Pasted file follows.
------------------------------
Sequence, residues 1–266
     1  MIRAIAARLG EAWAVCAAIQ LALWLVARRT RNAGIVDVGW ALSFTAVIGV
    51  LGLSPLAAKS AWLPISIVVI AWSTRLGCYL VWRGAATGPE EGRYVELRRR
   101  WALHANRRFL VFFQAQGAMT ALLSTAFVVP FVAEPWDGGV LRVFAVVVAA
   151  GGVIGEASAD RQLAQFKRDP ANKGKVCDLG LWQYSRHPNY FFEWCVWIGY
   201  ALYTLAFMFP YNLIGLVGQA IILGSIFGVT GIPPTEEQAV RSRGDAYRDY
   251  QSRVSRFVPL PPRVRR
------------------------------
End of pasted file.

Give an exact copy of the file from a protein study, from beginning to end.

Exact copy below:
Sequence, residues 1–266
     1  MIRAIAARLG EAWAVCAAIQ LALWLVARRT RNAGIVDVGW ALSFTAVIGV
    51  LGLSPLAAKS AWLPISIVVI AWSTRLGCYL VWRGAATGPE EGRYVELRRR
   101  WALHANRRFL VFFQAQGAMT ALLSTAFVVP FVAEPWDGGV LRVFAVVVAA
   151  GGVIGEASAD RQLAQFKRDP ANKGKVCDLG LWQYSRHPNY FFEWCVWIGY
   201  ALYTLAFMFP YNLIGLVGQA IILGSIFGVT GIPPTEEQAV RSRGDAYRDY
   251  QSRVSRFVPL PPRVRR